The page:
FREETOWN, Sierra Leone (AP) -- Foreign mining company personnel have left the country while others are undergoing body temperature screening at work sites, company officials said Tuesday as the death toll from an Ebola outbreak in Sierra Leone rose to at least five victims.
The new cases come after the deadly virus that causes severe bleeding was blamed for about 200 deaths in neighboring Guinea and Liberia. The Ebola disease has had a 70 percent fatality rate during the first crisis of its kind in West Africa.
Deputy Information Minister Theo Nicol said the government was doing all it could to contain the "scourge" of Ebola. None of the 15 confirmed cases in Sierra Leone has been in the capital of Freetown.
London Mining Company spokesman Osman Lahai said Tuesday that eight of their non-essential staff had left Sierra Leone over the weekend as a result of the deadly viral outbreak. London Mining has advised all its non-essential staff who are on holiday abroad not to return to Sierra Leone, he said.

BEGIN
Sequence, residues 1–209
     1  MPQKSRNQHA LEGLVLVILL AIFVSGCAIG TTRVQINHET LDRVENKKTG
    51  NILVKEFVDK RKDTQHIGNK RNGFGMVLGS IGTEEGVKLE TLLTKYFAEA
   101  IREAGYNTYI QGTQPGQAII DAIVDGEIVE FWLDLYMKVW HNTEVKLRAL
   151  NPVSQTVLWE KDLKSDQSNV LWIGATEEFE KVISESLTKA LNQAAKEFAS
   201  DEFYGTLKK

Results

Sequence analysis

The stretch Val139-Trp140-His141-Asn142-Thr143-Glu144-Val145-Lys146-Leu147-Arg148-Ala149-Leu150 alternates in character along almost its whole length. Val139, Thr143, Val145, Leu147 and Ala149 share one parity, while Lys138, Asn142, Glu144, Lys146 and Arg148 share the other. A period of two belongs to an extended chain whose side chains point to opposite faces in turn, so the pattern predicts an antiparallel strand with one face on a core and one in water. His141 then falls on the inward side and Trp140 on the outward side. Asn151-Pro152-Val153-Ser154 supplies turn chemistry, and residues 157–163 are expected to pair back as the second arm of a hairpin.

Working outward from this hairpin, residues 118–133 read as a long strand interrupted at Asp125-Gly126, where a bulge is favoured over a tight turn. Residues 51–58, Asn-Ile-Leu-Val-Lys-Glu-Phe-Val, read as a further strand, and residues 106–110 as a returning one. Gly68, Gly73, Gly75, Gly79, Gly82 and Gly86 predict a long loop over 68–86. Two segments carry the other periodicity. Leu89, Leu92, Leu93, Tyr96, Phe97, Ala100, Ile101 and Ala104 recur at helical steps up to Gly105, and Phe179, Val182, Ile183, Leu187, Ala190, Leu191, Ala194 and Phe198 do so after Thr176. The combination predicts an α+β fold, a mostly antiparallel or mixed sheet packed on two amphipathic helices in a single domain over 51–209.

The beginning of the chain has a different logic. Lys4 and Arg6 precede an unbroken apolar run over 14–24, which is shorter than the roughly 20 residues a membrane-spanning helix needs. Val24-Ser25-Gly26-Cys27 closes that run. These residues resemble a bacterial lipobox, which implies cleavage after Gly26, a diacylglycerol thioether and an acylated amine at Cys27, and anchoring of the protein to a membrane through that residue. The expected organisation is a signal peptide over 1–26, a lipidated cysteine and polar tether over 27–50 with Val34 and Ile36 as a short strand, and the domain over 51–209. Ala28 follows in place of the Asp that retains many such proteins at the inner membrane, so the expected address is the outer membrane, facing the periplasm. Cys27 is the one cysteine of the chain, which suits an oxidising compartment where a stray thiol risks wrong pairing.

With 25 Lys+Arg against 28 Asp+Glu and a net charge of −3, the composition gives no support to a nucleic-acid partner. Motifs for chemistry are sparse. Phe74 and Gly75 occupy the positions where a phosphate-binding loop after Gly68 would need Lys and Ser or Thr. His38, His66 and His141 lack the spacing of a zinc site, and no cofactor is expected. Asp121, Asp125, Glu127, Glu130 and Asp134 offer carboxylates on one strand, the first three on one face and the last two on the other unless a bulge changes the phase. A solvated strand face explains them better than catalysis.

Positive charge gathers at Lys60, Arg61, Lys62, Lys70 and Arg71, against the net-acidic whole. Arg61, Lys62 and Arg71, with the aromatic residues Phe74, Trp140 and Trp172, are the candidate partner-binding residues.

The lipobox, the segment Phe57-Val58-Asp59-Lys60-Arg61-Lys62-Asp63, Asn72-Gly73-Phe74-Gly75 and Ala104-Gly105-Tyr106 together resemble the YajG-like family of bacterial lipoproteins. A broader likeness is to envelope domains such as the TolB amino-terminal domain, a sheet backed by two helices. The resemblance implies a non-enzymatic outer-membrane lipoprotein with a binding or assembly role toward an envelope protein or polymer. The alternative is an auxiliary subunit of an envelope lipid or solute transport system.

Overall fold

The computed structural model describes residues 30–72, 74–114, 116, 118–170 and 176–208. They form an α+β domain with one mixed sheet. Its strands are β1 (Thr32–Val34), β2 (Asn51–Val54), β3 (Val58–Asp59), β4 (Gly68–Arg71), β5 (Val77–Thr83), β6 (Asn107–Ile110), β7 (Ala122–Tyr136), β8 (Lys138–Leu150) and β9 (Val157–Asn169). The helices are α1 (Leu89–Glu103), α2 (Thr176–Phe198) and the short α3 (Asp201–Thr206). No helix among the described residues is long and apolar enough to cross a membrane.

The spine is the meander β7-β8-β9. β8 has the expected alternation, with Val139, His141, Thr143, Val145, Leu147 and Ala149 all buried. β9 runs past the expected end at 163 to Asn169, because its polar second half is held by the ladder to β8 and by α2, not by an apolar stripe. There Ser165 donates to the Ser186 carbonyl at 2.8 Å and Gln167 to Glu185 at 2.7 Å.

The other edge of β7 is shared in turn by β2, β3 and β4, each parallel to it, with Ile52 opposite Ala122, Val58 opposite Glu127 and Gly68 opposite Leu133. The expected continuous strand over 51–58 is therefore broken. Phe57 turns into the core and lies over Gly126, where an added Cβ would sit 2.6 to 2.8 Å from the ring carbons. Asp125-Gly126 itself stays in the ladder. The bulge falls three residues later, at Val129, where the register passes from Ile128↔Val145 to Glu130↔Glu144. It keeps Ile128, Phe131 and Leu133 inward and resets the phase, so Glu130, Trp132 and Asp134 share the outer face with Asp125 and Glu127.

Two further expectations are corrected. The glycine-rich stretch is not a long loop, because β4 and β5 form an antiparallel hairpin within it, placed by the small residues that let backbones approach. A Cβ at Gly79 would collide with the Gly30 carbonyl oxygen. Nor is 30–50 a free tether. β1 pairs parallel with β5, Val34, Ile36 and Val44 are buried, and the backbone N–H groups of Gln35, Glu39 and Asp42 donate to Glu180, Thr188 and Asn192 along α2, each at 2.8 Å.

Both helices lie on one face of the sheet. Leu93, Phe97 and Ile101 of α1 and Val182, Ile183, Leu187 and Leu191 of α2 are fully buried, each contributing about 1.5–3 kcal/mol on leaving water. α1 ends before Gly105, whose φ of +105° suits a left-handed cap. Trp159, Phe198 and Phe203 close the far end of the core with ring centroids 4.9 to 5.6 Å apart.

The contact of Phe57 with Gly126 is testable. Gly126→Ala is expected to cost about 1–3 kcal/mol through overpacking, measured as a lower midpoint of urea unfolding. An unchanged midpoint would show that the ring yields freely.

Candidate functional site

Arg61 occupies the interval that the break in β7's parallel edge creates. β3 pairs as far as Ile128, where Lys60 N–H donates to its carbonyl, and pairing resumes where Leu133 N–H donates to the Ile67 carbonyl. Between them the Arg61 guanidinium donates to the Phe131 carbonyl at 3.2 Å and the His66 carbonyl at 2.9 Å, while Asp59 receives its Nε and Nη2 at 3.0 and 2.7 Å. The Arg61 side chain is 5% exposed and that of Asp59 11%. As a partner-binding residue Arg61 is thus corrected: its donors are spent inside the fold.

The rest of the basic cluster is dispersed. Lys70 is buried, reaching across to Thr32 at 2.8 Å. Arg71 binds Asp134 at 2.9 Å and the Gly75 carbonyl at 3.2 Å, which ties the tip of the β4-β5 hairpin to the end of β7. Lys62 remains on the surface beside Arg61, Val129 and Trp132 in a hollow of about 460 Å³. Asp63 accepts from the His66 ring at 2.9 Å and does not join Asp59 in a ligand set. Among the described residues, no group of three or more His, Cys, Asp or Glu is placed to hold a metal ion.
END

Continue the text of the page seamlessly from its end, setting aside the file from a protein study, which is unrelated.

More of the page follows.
No cases have been reported near the company's Marampa iron ore mine, and production has not been affected by the health scare. However, Lahai said the company also has introduced mandatory body temperature screening at their sites, and those with a high fever would be referred to hospital for further examination.
A spokesman for a second mining company, African Minerals, said body temperature screening also has been introduced at its sites. Anthony Navo said that employees also were being urged to stay away from areas that had recorded Ebola cases.
The Ebola outbreak in West Africa has hit some of the poorest countries in the world, where health care resources are already stretched. Sierra Leone is mineral-rich but its economy and health care system were ravaged by a decade-long civil war that ended in 2002. Some 60 percent of Sierra Leoneans get by on only $1.25 a day.
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